Select fashion brands, including Benetton, have begun employing mannequins with complex cameras in their eyes to profile customer demographics and behaviors in order to maximize window display and employee efficiency.
The EyeSee mannequins, designed by Italian company Almax, retail for more than $5,000 and register a customer’s age, gender, and race, as well as contextual information including how long customers shop and how many people enter the store.
This controversial data collection has already been reported effective at one retail outlet. The EyeSee discovered a trend: At a certain time of day, there was a large influx of customers of Asian descent. As it happens, a tour bus stopped outside the store every day around 5pm. To capitalize, management had two Asian employees assist at that entrance at that time, leading to a more than 20% increase in sales.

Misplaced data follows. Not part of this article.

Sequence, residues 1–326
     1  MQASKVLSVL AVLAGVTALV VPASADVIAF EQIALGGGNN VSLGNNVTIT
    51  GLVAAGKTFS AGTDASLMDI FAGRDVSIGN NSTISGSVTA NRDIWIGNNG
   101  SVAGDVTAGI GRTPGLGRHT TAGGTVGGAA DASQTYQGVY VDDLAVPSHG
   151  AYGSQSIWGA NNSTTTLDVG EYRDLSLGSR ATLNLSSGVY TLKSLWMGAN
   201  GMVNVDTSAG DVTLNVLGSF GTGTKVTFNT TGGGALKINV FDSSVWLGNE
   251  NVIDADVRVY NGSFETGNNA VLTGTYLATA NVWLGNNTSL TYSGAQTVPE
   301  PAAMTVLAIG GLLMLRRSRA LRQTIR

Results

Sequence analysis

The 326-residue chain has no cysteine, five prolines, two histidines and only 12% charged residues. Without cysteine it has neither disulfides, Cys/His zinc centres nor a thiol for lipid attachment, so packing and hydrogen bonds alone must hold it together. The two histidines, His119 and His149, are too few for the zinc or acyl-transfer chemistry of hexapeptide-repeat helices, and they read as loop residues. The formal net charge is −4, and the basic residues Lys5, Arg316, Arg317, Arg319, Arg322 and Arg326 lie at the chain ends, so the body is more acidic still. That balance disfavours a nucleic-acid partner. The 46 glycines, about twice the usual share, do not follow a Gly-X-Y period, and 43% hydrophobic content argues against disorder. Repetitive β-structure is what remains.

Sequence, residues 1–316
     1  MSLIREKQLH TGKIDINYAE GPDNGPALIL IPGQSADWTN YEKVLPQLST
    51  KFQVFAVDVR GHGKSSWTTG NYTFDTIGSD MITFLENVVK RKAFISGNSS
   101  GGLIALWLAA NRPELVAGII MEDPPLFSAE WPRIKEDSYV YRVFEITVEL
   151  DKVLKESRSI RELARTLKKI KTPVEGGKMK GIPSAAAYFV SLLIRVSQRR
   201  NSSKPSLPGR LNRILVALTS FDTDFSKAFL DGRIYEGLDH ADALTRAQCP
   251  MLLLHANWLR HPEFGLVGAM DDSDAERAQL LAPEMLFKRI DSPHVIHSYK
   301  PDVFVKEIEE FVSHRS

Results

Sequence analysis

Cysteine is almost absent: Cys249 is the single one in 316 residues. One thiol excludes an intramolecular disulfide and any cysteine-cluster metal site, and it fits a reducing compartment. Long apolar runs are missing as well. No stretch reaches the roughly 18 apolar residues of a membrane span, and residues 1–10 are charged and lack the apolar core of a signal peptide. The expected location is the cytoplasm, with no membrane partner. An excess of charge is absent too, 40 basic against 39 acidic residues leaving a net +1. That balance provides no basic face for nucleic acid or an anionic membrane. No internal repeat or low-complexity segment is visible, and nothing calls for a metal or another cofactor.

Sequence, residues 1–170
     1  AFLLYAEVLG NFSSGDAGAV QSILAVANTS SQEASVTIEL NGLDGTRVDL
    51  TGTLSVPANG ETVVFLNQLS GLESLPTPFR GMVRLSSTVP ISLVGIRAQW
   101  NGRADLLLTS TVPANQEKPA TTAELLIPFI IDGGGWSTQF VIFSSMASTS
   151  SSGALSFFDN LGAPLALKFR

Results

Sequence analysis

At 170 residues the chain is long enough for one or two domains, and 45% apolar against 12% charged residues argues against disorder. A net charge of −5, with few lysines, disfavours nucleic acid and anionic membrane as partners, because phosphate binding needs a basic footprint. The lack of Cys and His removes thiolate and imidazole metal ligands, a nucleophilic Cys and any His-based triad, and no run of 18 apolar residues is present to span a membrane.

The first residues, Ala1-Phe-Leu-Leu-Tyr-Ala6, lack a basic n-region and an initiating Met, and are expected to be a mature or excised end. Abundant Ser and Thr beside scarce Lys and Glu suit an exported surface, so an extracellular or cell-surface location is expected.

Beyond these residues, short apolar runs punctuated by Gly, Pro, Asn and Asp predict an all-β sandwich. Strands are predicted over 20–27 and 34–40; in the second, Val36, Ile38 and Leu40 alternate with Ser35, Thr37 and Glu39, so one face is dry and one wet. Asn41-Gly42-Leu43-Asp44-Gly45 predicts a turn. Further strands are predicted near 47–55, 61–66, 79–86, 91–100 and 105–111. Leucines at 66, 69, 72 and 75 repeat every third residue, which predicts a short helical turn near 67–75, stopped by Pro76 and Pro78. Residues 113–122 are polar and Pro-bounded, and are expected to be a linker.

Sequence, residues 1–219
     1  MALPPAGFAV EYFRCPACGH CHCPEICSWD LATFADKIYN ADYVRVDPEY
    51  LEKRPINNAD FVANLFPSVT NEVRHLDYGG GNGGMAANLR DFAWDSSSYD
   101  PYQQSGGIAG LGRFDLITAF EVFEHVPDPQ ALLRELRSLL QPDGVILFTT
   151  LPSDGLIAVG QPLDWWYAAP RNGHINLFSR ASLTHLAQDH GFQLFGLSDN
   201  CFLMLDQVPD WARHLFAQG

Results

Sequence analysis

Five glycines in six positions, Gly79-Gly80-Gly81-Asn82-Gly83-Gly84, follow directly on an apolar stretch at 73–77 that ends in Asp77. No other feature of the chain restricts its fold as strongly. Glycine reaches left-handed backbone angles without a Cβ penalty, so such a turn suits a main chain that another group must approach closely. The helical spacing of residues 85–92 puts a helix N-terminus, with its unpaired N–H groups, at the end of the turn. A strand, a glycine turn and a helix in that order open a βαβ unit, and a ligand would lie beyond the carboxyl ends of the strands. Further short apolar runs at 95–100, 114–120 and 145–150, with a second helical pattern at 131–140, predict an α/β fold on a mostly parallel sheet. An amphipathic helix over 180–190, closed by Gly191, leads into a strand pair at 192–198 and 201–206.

As always, when dealing with a new mode of surveillance, civil libertarians are crying foul about the smart dummies, claiming that while in-store surveillance is designed to protect employees and customers, this means of data collection infringes on privacy for commercial gain.
Proponents of the mannequins claim that the profiling provides a valuable service at minimal risk to consumers.
“Although I understand it is something ‘new’, I don’t see any real privacy concern,” Almax CEO Max Catanese told Wired.co.uk. “The version we are selling now has a ‘blind’ camera, which means it does not record or store any image.”
The EyeSee mannequins have been employed by five brands across four countries, including two in Europe, the US, and Canada.
Reports of the mannequins coming to life and comparing notes when all of the employees have gone home remain unproven.